I would recommend contacting the authors of the R code you reference.

      • chris May 12, 2017 at 3:28 am #

        Can you answer this in Go, Java, C# and COBOL as well????? Thanks, I really don’t want to do anything

        • Jason Brownlee May 12, 2017 at 7:45 am #

          I do my best to help, some need more help than others.

  3. Lee May 9, 2017 at 11:40 pm #

    Hi Jason, good article, but could be much better if you illustrated everything with some actual time series data. Also, no need to repeat the function code 5 times 😉 Gripes aside, this was very timely as I’m just about to get into some time series forecasting, so thanks for this article!!!

  4. Christopher May 12, 2017 at 9:16 pm #

    Hi Jason,
    thank you for the good article! I really like the shifting approach for reframing the training data!
    But my question about this topic is: What do you think is the next step for a one-step univariate forecasting? Which machine learning method is the most suitable for that?
    Obviously a regressor is the best choice but how can I determine the size of the sliding window for the training?

    Thanks a lot for your help and work
    ~ Christopher

  5. tom June 8, 2017 at 4:06 pm #

    hi Jason:
    In this post, you create new framings of time series ,such as t-1, t, t+1.But, what’s the use of these time series .Do you mean these time series can make a good effect on model? Maybe
    my question is too simple ,because I am a newer ,please understand! thank you !

    • Jason Brownlee June 9, 2017 at 6:19 am #

      I am providing a technique to help you convert a series into a supervised learning problem.

      This is valuable because you can then transform your time series problems into supervised learning problems and apply a suite of standard classification and regression techniques in order to make forecasts.

      • tom June 9, 2017 at 11:40 am #

        Wow, your answer always makes me learn a lot。Thank you Jason!

  6. Brad Suzon June 23, 2017 at 11:32 pm #

    If there are multiple variables varXi to train and only one variable varY to predict will the same technique be used in the below way:
    varX1(t-1) varX2(t-1) varX1(t) varX2(t) … varY(t-1) varY(t)
    .. .. .. .. .. ..
    and then use linear regression and as Response= varY(t) ?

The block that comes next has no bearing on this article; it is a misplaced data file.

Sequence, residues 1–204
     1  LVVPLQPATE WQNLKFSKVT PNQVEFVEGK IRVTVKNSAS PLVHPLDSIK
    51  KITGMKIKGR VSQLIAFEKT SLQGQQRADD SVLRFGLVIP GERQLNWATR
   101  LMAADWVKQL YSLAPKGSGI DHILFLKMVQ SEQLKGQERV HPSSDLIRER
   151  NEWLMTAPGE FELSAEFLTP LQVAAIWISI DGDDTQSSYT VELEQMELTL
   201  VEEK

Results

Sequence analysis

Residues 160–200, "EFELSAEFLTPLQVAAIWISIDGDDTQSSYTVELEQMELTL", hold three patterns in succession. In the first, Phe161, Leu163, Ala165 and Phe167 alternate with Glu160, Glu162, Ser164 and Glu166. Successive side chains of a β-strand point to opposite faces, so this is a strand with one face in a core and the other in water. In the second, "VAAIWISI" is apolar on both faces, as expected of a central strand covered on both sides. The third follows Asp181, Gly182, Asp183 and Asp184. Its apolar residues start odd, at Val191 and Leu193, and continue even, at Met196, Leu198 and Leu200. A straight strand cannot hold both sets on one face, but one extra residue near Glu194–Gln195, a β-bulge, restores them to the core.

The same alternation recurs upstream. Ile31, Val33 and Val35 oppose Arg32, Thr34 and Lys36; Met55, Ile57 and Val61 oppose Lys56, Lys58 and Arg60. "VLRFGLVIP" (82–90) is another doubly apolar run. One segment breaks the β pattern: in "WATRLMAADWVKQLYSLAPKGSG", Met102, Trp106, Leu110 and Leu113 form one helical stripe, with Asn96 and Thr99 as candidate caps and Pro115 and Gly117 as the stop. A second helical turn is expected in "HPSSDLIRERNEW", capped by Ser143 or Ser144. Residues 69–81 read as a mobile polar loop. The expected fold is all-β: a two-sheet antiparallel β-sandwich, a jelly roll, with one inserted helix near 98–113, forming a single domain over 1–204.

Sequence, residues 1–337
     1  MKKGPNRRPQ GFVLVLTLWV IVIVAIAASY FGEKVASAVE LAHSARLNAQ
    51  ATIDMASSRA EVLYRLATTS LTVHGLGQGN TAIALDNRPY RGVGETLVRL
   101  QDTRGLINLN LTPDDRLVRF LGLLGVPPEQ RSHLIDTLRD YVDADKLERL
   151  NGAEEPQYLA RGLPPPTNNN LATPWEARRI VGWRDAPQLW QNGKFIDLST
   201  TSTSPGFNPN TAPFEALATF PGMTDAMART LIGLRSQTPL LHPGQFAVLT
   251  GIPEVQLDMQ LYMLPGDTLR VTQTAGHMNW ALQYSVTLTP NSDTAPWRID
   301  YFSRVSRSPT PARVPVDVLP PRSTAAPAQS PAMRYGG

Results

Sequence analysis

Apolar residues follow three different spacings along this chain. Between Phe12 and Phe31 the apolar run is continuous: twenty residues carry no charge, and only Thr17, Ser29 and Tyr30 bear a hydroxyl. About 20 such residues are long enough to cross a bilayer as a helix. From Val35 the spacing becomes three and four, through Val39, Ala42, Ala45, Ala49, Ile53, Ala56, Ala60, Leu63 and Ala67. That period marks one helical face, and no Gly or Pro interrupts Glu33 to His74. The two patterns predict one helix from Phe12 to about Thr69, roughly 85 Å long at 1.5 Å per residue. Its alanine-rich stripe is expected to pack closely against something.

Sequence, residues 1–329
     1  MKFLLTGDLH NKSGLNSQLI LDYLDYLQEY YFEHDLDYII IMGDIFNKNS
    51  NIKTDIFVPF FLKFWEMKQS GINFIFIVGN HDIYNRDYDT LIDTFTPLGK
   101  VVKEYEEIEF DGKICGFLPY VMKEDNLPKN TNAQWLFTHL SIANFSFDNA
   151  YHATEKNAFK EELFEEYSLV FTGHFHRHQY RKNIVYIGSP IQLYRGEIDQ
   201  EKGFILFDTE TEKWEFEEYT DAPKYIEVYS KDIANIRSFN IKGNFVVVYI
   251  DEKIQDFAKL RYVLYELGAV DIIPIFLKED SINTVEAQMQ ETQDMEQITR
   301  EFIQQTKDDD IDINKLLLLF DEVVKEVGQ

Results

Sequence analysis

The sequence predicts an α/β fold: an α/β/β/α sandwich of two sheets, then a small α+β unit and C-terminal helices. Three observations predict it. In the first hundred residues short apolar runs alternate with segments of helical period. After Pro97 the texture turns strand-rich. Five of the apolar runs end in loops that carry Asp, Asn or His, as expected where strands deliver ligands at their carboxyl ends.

Thanks in advance

    • Jason Brownlee June 24, 2017 at 8:03 am #

      Not sure I follow your question Brad, perhaps you can restate it?

    • Brad June 25, 2017 at 4:47 pm #

      In case there are multiple measures and then make the transformation in order to forecast only varXn:

      var1(t-1) var2(t-1) var1(t) var2(t) … varN(t-1) varN(t)

      linear regression should use as the response variable the varN(t) ?

  7. Geoff June 24, 2017 at 8:10 am #

    Hi Jason,
    I’ve found your articles very useful during my capstone at a bootcamp I’m attending. I have two questions that I hope you could advise where to find better info about.
    First, I’ve run into an issue with running PCA on the newly supervised version only the data. Does PCA recognize that the lagged series are actually the same data? If one was to do PCA do they need to perform it before supervising the data?
    Secondly, what do you propose as the best learning algorithms and proper ways to perform train test splits on the data?
    Thanks again,

  8. Kushal July 1, 2017 at 1:31 pm #

    Hi Jason

    Great post.

    Just one question. If the some of the input variables are continuous and some are categorical with one binary, predicting two output variables.

    How does the shift work then?

    Thanks
    Kushal

    • Jason Brownlee July 2, 2017 at 6:26 am #

      The same, but consider encoding your categorical variables first (e.g. number encoding or one hot encoding).

      • Kushal July 15, 2017 at 5:22 pm #

        Thanks

        Should I then use the lagged versions of the predictors?

        Kushal

        • Jason Brownlee July 16, 2017 at 7:57 am #

          Perhaps, I do not follow your question, perhaps you can restate it with more information?

  9. Viorel Emilian Teodorescu July 8, 2017 at 9:45 am #

    great article, Jason!

  10. Chinesh August 10, 2017 at 5:15 pm #

    very helpful article !!

    I am working on developing an algorithm which will predict the future traffic for the restaurant. The features I am using are: Day,whether there was festival,temperature,climatic condition , current rating,whether there was holiday,service rating,number of reviews etc.Can I solve this problem using time series analysis along with these features,If yes how.